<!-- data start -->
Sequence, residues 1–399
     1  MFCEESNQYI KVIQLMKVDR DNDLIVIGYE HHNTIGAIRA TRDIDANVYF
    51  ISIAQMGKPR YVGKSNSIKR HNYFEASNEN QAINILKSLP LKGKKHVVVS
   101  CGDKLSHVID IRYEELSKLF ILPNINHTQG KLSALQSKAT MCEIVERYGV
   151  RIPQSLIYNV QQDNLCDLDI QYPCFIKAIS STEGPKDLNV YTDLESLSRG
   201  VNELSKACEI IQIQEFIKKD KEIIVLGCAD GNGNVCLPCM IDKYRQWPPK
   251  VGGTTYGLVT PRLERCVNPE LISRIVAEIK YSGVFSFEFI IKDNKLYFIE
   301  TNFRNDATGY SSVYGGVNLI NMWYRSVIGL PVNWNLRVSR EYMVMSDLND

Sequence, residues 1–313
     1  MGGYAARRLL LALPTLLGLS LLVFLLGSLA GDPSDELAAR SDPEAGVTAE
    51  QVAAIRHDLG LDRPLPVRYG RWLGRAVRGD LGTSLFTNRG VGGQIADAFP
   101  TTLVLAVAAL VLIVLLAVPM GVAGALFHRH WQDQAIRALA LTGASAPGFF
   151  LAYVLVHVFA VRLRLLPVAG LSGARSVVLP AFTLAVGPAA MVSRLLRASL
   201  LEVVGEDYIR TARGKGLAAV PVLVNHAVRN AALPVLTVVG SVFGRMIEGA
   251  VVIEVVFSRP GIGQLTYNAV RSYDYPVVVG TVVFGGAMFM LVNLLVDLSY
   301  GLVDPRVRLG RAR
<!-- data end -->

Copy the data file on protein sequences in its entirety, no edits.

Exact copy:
Sequence, residues 1–399
     1  MFCEESNQYI KVIQLMKVDR DNDLIVIGYE HHNTIGAIRA TRDIDANVYF
    51  ISIAQMGKPR YVGKSNSIKR HNYFEASNEN QAINILKSLP LKGKKHVVVS
   101  CGDKLSHVID IRYEELSKLF ILPNINHTQG KLSALQSKAT MCEIVERYGV
   151  RIPQSLIYNV QQDNLCDLDI QYPCFIKAIS STEGPKDLNV YTDLESLSRG
   201  VNELSKACEI IQIQEFIKKD KEIIVLGCAD GNGNVCLPCM IDKYRQWPPK
   251  VGGTTYGLVT PRLERCVNPE LISRIVAEIK YSGVFSFEFI IKDNKLYFIE
   301  TNFRNDATGY SSVYGGVNLI NMWYRSVIGL PVNWNLRVSR EYMVMSDLND

Sequence, residues 1–313
     1  MGGYAARRLL LALPTLLGLS LLVFLLGSLA GDPSDELAAR SDPEAGVTAE
    51  QVAAIRHDLG LDRPLPVRYG RWLGRAVRGD LGTSLFTNRG VGGQIADAFP
   101  TTLVLAVAAL VLIVLLAVPM GVAGALFHRH WQDQAIRALA LTGASAPGFF
   151  LAYVLVHVFA VRLRLLPVAG LSGARSVVLP AFTLAVGPAA MVSRLLRASL
   201  LEVVGEDYIR TARGKGLAAV PVLVNHAVRN AALPVLTVVG SVFGRMIEGA
   251  VVIEVVFSRP GIGQLTYNAV RSYDYPVVVG TVVFGGAMFM LVNLLVDLSY
   301  GLVDPRVRLG RAR